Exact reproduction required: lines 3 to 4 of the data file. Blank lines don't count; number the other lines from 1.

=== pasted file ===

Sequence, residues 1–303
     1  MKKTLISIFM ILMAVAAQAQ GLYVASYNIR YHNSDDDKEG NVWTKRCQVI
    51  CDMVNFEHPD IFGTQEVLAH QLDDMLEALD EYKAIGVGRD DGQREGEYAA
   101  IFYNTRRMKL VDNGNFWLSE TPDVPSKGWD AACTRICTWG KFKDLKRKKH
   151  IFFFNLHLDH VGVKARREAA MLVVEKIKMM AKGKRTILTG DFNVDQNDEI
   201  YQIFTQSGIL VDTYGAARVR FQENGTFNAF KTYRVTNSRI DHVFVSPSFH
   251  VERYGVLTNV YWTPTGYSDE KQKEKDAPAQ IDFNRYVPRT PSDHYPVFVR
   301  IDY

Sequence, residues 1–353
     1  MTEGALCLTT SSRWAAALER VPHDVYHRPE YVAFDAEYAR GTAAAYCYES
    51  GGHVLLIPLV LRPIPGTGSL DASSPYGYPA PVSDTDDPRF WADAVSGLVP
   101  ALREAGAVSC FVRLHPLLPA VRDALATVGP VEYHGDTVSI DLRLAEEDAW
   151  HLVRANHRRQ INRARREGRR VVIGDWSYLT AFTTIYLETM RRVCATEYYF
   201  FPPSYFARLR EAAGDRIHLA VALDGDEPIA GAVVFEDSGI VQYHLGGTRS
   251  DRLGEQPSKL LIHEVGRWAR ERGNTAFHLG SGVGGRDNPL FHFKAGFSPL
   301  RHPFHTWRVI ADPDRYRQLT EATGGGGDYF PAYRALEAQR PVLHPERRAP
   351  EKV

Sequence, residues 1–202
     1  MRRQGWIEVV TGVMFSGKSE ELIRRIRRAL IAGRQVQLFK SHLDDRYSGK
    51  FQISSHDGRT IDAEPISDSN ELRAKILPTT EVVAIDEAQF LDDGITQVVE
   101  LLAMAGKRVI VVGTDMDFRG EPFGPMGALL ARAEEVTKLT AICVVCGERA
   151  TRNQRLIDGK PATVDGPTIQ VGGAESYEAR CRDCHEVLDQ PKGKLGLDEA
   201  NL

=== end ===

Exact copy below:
    51  CDMVNFEHPD IFGTQEVLAH QLDDMLEALD EYKAIGVGRD DGQREGEYAA
   101  IFYNTRRMKL VDNGNFWLSE TPDVPSKGWD AACTRICTWG KFKDLKRKKH